Q&A with ET
Q1. How much of a positive impact you anticipate in this year’s GDP because of a robust export this fiscal ($197 bn in first 6 months and $400 bn target for the year)? Kindly explain linking export-import trends so far with this year’s GDP projection.
Ans: The positive impact of faster than expected (12 months ago) Export growth will be partly offset by higher prices of oil imports. Taken together the impact of higher exports net of import bill will merely offset the weak recovery in private consumption so far.
The acceleration in export growth is due partly to recovery of World demand, and partly to a gradual shift of supply chains out of China into India. The latter will persist even if World growth slackens. GOI must do all it can to facilitate the shift of supply chains to India, including by simplifying import tariff structure and digitally integrating Customs, GST, RBI and Banks!
Q2. What’s your number for GDP FY 2021-22?
Ans: My Fy2021-22 GDP forecast remains at 10% +/- 1% which I first told you 9-12 months ago and you were the first to report in ET. The whole point of giving a 1% band on each side was the uncertainty arising from an unprecedented pandemic. One expected further negative shocks and positive surprises, and both have happened. The net effect to date is to leave my forecast completely unchanged.
Q3. As consumption and investments play a far bigger role (than export) in determining the GDP, what’s your advice to the government on boosting these two areas?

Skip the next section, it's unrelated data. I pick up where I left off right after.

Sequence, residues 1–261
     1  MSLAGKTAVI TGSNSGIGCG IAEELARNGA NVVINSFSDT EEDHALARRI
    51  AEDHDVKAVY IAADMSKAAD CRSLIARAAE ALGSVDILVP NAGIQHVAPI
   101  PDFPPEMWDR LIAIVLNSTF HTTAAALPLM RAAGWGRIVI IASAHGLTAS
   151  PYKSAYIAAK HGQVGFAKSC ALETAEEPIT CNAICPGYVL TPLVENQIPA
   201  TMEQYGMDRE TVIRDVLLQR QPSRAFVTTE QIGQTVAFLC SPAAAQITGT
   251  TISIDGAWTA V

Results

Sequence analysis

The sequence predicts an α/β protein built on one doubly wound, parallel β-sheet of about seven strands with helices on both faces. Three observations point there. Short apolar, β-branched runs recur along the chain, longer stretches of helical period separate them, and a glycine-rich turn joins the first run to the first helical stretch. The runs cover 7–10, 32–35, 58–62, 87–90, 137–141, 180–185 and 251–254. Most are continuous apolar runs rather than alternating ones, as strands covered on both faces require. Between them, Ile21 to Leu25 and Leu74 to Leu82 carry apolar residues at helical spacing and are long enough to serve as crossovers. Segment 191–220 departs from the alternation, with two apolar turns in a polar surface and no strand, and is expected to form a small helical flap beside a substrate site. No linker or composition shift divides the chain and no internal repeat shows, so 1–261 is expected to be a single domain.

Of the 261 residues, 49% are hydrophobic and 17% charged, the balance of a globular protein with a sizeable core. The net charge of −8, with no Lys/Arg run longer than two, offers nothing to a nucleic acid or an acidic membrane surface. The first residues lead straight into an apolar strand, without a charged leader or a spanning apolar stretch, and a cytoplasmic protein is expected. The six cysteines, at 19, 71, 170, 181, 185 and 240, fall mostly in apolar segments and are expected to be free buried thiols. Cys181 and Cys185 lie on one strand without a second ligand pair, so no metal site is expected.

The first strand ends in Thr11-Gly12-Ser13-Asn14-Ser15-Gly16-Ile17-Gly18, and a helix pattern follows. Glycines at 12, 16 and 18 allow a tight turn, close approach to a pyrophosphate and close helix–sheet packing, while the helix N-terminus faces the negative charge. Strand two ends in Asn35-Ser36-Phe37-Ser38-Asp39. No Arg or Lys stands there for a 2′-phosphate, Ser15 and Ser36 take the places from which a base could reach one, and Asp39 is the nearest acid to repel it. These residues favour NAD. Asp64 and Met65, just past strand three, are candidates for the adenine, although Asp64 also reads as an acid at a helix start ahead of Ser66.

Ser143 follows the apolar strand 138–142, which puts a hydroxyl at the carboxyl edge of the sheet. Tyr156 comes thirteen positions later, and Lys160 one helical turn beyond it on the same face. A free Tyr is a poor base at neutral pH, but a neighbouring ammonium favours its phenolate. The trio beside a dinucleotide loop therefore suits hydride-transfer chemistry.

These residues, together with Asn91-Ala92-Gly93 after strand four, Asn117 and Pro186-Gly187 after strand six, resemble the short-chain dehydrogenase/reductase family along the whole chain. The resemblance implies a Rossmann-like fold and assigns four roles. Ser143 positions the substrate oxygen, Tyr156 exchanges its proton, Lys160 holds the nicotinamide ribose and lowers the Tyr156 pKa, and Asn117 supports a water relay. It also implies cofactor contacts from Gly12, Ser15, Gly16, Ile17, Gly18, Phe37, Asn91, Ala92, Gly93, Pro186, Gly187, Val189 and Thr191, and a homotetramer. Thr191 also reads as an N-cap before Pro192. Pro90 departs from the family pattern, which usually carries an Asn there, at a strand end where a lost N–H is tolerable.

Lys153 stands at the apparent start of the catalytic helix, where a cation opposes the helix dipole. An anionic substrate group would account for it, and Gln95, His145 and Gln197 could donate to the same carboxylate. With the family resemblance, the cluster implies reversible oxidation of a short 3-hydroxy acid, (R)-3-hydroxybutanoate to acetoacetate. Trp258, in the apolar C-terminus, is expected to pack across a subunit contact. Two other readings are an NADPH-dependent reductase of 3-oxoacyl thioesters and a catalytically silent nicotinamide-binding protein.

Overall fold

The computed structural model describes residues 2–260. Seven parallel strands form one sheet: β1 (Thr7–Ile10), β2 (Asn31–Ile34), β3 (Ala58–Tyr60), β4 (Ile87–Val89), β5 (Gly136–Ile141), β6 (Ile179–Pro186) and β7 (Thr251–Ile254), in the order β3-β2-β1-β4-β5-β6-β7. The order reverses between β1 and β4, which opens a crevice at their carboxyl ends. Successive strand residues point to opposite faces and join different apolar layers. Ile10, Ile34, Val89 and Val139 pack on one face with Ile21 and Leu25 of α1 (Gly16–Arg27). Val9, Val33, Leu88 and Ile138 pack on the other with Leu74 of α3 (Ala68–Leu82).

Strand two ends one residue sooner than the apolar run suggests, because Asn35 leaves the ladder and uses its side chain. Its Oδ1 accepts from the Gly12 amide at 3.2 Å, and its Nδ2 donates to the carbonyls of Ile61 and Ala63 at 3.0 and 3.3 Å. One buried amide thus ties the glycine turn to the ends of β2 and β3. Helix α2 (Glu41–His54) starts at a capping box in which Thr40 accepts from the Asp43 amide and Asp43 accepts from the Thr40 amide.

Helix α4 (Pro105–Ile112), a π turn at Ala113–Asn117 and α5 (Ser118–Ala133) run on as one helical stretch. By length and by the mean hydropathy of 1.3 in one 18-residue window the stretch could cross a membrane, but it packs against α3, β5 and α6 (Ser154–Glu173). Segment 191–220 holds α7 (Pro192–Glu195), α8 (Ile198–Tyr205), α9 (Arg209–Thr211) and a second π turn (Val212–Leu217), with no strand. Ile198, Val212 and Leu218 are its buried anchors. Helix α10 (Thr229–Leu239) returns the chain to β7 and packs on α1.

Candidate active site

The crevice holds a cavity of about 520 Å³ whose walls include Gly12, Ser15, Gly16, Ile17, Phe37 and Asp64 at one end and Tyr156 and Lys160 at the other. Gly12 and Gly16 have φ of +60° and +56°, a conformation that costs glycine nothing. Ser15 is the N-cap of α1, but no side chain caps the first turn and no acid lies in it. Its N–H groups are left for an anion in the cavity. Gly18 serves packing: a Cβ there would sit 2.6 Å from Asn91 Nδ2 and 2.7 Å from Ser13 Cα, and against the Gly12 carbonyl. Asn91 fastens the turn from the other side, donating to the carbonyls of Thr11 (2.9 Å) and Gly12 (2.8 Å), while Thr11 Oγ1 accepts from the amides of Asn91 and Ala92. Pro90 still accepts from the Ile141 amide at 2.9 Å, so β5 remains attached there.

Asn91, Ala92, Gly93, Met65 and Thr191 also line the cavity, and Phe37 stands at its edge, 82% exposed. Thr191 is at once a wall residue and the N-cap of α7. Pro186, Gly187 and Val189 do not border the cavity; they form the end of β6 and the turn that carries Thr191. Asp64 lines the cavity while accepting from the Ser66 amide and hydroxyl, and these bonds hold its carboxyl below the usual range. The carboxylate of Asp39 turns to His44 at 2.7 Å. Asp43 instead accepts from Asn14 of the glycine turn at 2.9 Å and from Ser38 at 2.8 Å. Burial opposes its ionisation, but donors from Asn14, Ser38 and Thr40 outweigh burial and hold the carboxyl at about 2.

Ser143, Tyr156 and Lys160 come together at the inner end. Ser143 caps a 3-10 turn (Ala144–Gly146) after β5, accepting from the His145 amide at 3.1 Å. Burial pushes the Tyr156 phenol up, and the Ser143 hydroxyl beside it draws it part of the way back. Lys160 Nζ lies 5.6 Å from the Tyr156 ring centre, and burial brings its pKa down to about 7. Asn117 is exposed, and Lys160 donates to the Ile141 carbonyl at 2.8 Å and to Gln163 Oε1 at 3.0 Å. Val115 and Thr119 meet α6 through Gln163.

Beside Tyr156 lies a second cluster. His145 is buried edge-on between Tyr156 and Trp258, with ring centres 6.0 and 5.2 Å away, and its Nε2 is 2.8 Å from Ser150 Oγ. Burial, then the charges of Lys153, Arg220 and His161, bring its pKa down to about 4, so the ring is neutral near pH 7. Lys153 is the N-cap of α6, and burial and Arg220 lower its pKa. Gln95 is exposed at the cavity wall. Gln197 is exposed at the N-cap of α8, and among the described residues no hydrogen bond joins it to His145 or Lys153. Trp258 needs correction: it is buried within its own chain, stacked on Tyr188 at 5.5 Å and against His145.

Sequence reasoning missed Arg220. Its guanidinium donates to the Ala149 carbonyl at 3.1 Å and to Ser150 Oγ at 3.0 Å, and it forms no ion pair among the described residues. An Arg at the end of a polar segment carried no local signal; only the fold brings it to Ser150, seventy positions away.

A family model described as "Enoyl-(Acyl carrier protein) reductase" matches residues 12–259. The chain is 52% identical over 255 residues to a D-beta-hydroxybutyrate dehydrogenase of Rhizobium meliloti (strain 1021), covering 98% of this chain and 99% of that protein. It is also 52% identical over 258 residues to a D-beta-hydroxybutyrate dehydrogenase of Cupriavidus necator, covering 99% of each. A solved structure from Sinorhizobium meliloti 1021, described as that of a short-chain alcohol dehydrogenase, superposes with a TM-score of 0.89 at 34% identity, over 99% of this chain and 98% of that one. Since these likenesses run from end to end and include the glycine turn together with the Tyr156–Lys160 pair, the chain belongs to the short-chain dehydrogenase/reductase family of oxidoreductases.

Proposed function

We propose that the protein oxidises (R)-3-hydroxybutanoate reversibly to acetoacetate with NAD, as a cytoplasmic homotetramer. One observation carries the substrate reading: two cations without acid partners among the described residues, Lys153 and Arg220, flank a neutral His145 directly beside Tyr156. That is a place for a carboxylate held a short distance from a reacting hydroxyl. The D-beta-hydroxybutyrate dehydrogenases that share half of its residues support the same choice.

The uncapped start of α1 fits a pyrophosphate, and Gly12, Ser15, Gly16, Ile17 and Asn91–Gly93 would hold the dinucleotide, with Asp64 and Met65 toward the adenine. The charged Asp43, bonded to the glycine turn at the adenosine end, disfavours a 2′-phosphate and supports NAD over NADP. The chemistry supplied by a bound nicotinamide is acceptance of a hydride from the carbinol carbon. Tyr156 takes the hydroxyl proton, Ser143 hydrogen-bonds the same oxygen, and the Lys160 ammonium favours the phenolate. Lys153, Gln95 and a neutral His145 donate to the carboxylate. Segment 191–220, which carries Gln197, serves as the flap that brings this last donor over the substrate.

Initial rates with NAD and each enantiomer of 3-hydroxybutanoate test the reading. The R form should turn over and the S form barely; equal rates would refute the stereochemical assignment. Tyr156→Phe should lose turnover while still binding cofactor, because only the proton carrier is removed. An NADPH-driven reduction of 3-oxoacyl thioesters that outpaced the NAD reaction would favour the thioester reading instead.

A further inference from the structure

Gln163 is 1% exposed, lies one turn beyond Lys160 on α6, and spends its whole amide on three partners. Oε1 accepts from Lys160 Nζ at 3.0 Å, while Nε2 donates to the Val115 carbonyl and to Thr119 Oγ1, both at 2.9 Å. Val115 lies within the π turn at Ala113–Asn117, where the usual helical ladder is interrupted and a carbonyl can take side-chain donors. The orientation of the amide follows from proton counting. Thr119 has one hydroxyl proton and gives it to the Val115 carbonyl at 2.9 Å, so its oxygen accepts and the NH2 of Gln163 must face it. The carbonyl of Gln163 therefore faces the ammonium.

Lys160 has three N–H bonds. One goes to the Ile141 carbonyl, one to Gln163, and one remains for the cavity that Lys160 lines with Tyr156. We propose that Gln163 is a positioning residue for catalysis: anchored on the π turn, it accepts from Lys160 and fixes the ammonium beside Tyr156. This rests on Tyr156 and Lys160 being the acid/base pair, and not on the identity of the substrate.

Ans: The time has come for State & Central Governments to give up the obsession with short term revenue maximization, through rate increases. With private consumption recovery slow and consumer confidence weak, GST council must go for ST revenue negative, LT buoyancy raising, tax reform. This must be complimented in next Union budget, by reform of the Direct Tax Code and Customs tariffs, to reduce MSME costs, increase their exports & revenues and thus stimulate jobs & incomes of the lower 60% of workers.
Q4. Anything you would like to add.
Ans: The structural reforms under way since September 2019 must be expeditiously completed, in letter and spirit. This will set the stage for GDP growth of 7.5% +/- 0.5% (7% to 8%) during this decade and beyond.